The movie is very funny, but not due to Moore.  A couple of jokes he tells in narration fall flat.  Instead the enthusiasm of city officials and celebrities for saving the city with things ranging from an indoor theme park to a prison bring the laughs.  The cockeyed optimism is hard to believe, but the 1980s were a very optimistic time.  Optimism trickled down from President Reagan (see what I did there?) and lead people to believe that famine could be ended with a song or homelessness would be solved by a human chain across the country.  Even the ordinary people suffering layoffs and evictions depicted in this movie don’t have the rage that you would expect to see today.  Of course, they had no idea that things in Flint would continue to get much, much worse.

The Beach Boys’ song “Wouldn’t It Be Nice” is featured prominently in this movie over a montage of abandoned buildings.  I forever associate this song with this movie, and its appropriate in that the lyrics express hopefulness with an undercurrent of melancholy.  Whatever the flaws of Michael Moore’s later career, and he really did let fame go to his head, this movie remains a masterpiece.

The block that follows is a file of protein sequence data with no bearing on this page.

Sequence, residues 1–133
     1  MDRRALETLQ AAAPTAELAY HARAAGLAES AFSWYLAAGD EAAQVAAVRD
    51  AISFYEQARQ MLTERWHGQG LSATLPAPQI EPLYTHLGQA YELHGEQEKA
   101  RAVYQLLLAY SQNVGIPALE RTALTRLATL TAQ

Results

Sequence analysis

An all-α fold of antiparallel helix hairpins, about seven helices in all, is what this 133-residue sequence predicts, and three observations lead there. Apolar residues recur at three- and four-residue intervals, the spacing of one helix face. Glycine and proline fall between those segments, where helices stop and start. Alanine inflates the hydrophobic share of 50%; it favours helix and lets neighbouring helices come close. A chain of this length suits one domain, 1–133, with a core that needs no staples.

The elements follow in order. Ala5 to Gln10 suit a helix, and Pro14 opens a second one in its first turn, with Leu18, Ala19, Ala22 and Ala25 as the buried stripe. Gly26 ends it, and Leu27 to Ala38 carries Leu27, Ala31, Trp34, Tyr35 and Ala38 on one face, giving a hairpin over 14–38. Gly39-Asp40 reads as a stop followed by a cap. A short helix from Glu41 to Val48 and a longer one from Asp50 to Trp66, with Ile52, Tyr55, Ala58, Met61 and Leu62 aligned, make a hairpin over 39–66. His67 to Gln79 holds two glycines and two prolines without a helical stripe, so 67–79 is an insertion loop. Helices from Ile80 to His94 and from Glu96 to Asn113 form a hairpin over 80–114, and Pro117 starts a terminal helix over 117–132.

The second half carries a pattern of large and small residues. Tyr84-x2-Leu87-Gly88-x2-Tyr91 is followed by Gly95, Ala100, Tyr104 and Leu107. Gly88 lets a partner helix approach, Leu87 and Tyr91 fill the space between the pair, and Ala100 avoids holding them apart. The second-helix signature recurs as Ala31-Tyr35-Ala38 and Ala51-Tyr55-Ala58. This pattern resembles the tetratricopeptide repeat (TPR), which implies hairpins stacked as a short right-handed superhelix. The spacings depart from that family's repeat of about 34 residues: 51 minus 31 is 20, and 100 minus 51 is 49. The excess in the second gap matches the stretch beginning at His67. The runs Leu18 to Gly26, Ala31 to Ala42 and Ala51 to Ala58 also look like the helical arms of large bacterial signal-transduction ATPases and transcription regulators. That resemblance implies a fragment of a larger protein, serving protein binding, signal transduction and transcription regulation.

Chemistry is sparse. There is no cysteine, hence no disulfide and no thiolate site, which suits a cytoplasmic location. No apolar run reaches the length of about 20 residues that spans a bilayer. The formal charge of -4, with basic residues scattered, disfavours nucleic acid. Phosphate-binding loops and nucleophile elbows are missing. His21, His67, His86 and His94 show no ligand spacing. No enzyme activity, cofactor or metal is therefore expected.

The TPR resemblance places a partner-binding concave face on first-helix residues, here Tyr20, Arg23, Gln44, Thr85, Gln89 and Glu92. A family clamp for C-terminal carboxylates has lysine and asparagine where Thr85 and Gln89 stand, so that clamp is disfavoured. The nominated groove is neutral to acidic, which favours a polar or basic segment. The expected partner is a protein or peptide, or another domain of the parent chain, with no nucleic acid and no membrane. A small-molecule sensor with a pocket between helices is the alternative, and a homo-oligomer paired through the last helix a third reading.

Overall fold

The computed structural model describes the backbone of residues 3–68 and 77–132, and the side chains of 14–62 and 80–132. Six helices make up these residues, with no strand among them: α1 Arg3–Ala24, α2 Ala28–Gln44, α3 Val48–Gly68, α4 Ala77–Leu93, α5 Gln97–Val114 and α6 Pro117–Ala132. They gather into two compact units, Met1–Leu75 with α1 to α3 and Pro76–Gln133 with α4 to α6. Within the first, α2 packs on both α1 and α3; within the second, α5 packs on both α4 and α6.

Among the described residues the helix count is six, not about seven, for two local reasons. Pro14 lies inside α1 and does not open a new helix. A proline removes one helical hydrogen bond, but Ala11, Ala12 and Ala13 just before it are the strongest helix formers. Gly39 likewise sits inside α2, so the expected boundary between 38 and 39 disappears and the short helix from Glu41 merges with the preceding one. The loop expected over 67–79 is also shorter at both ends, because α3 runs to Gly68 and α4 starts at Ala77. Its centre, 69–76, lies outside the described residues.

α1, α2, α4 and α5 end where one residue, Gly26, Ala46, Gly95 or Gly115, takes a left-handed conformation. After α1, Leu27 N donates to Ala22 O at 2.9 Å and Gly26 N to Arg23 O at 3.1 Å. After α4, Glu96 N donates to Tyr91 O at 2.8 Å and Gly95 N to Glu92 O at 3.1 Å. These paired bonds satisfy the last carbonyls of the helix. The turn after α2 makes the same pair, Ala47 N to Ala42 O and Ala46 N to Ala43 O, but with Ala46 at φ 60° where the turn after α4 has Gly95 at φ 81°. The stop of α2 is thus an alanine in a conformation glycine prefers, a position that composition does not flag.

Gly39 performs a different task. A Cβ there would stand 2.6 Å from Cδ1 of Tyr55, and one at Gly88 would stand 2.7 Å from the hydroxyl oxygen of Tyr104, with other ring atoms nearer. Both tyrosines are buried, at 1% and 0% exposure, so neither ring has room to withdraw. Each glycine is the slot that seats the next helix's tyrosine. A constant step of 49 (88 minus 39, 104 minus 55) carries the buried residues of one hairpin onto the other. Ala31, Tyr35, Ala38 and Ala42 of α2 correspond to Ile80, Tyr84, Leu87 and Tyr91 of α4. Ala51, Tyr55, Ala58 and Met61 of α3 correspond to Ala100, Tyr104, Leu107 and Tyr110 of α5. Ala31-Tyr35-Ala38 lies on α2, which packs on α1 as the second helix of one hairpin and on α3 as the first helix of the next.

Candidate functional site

Rating: ****1/2

Movie Review: Class Action Park (2020)

Title: Class Action Park
Release Date: August 27, 2020
Director: Seth Porges, Chris Charles Scott III
Production Company: Pinball Party Productions | Strategery Films | Warner Max

As a kid growing up in Connecticut, ads for Action Park were constantly on the tv and radio, but my requests to go there were denied.  My mother was not fond of driving to New Jersey nor did our family budget have much room for visits to theme parks.  It was only until years later that I learned that I may have dodged a bullet since Action Park had such a reputation for guests getting injured and sometimes killed.  In fact, back in the 80s, I remember New Jersey’s other theme park Great Adventure having the reputation for danger since several teens were killed in a fire and one person fell off a roller coaster.

Class Action Park features interviews with former employees and guests of Action Park mixed with archival news footage and old home movies.  The general theme of the movie is “can you believe how dangerous this place was” and the strange nostalgic feeling of having survived it.  The jokey tone of some of the commentators is placed at odds with survivors of people who died at Action Park, with the ending of the film actually featuring the most uncomfortable contrast of narration and film.